I’ve been inking a bunch of stuff this week. Mostly I’ve been inking stuff that is going towards making my “Organics” comic that I wrote about a couple of weeks ago but I also inked a couple of drawings for prints that I’ve had lying around. That I’ve been inking stuff all week is a sign that I haven’t been able to get a lot of other stuff done. Some weeks are like that. Creativity can run out for a while. Ideas and purpose can disappear. This is a state of affairs that is terrifying for an artist in his or her twenties but is less scary in your forties. When I was young and I thought I lost something I feared it might not come back. As I got older I realized that’s the ebb and flow of things. As much as I want to I can’t always be on. Though no matter what your age it’s still an empty feeling when you search yourself for what you want to do and nothing comes to mind. It’s a good thing I have a lot of old unpurposed drawings lying around that I can always pick up, ink, and at least have the brief feeling of accomplishing something.

Inking is something that I find takes less creative energy than other tasks. The hardest part of figuring out how a drawing is going to work is already done and what is left is finishing the drawing in ink. There is a lot of craft to inking in that I have to figure out which of my various pens and brushes to use and how exactly I want to use them to make the finished drawing. Craft is all about knowing how to make something. I’ve used the tools before, I’ve inked lots of drawings before, and now I have to finish this particular drawing using that knowledge and experience. In a drawing there is more figuring stuff out going on. That’s when things often don’t work so I have to erase and try again. With inking all that is done and I just have to make it look good. Sometimes I don’t have the energy for thinking so much but I can go on a kind of autopilot and do some inking. That’s where I’ve been this week.

Last week I was working on some pages for my new “Organics” comic but I ran out of energy. I had been penciling and inking a bunch of pages based on some of my automatic drawing methods and completed quite a few of them. It was a good run but all runs end. This week I started making some more pages based on a different method. I started digging through my pile of drawing to see what I could find and use for pages. Just like as this week I’ve been inking some weeks I just draw. That’s part of my process. I’ve got a drawer full of somewhere between fifty to seventy five pencil drawings that were finished but never turned into anything. They mostly sit there waiting for me to look through and maybe use one someday.

This week I did uses some. I decided to take a few of the drawings and turn them into comic book pages. Or half pages as things went. I’ve also been trying to incorporate some of my five by seven marker drawings into my new “Organics” comic. I’ve been having some problems figuring out how to do that. All the pages I’m doing are ten by fifteen inches so the smaller marker drawings will just be a piece of that larger page. But I don’t know what the other pieces should be. That’s where this weeks inking has come in. I’ve been picking from my pile of drawings and making those drawings into parts of pages. The problem is that I still haven’t quite figured out how those newly inked panels fit with the marker ones. It’s all a work in progress but still I got some inking done.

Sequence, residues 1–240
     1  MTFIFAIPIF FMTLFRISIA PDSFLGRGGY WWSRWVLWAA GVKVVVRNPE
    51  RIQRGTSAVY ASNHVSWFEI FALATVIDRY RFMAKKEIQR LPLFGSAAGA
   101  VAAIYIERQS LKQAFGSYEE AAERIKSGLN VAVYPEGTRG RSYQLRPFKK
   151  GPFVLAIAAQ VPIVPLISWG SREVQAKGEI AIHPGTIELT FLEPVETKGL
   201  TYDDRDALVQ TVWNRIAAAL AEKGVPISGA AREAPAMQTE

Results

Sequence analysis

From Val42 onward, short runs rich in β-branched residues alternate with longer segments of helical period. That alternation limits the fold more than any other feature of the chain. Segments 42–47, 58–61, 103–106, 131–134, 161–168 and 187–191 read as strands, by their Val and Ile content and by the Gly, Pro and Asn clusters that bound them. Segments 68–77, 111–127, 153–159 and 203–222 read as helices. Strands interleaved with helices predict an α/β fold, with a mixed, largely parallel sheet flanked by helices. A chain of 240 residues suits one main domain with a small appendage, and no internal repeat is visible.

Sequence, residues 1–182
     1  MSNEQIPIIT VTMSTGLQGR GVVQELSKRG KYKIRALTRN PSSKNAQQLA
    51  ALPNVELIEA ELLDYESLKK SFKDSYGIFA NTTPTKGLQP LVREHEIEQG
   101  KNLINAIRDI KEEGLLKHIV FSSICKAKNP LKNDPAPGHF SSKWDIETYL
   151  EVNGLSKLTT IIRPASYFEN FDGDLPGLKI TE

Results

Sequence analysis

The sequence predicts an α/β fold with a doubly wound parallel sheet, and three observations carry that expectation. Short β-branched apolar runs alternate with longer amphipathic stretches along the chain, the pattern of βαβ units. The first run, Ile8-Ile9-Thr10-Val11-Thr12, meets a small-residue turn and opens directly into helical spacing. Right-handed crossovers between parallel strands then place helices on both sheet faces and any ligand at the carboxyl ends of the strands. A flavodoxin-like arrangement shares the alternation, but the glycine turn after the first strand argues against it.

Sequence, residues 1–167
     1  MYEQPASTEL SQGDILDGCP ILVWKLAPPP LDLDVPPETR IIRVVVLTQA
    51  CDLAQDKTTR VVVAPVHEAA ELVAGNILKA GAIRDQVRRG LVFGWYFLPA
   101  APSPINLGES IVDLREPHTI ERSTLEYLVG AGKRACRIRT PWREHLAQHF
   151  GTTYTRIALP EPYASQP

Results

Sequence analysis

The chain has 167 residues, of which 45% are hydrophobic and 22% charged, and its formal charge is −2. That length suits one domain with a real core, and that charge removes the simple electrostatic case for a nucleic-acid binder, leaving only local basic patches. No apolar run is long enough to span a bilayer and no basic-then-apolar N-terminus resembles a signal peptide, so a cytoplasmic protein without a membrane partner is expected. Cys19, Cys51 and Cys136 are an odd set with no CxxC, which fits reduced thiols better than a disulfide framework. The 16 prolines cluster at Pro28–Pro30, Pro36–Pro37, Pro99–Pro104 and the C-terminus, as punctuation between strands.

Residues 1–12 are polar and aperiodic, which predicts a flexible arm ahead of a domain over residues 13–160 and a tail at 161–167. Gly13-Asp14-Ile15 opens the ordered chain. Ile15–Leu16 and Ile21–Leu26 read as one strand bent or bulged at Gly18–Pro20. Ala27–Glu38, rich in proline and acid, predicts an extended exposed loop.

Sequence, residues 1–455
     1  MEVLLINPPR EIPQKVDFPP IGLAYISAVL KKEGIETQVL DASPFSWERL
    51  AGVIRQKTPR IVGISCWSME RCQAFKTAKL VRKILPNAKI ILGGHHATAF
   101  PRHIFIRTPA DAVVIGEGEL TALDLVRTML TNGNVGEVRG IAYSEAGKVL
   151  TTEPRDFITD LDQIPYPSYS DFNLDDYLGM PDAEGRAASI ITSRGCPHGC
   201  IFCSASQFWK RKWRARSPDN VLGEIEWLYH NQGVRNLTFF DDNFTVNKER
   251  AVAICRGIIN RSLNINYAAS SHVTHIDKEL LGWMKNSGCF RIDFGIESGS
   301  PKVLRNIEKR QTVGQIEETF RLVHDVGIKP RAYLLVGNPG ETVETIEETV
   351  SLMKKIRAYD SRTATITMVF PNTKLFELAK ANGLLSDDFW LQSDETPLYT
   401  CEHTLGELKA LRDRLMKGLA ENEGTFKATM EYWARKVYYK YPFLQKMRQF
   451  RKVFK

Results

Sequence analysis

I’ve got a few basic inking tools that I’ve been using for years. The main one is a Winsor Newton Series 7 number 3 sable hair brush. This is the classic comic book inker’s brush and I’ve been using it for decades. It’s my favorite. I also use a few pens too. A lot of inkers use a Hunt 102 crow quill pen for inking but I never warmed to that one. I use the much harder to find Gillott 1950 pen. Those are both old fashioned dip pens. You have to dip them in a bottle of india ink to use them. Waterproof india ink is what’s used to ink comics.

I also use a variety of markers for inking. Twenty years ago there weren’t many good markers to ink with and I mostly used technical pens but these days there are a ton of markers with high quality archival waterproof ink in them. I still use one technical pen to ink. It’s one of the larger sized and lays down a thick wet india ink line that I find a marker can’t easily duplicate. All the thinner technical pen lines are easy to duplicate with the much easier to use markers.

I did revive one pen technique this week for these pages. It’s more of a pen modifying technique actually. Y’see I like sign pens. I first started using them years ago with the Pentel Sign Pen but have since found another Japanese brand that I like called Computer Sign Pens. The only problem with them is that the ink they use is not waterproof nor is it archival. They’re not really meant for artwork. Back when I only knew about the Pentel sign pens I used to refill them with india ink. If you pull off the back plug on the pen you an take out the cylindrical sponge inside that holds the ink. Refill that sponge with drops of india ink and the pen will keep on going. At least until the tip eventually wears down. The only problem I had with this method is sometimes the india ink would be too thick to flow through the pen properly over time. Eventually that got a little annoying and I stopped doing it. This week I started doing it again because I recently purchased some technical pen ink. You can use regular india ink in a technical pen, as I had been doing for years, but technical pen ink has a little bit of glycerin in it that acts as a surface tension breaker and makes the ink flow easier through a pen. I used some of this ink in a sign pen and it worked beautifully. It flowed much better than my regular ink. I think I’ll keep doing it.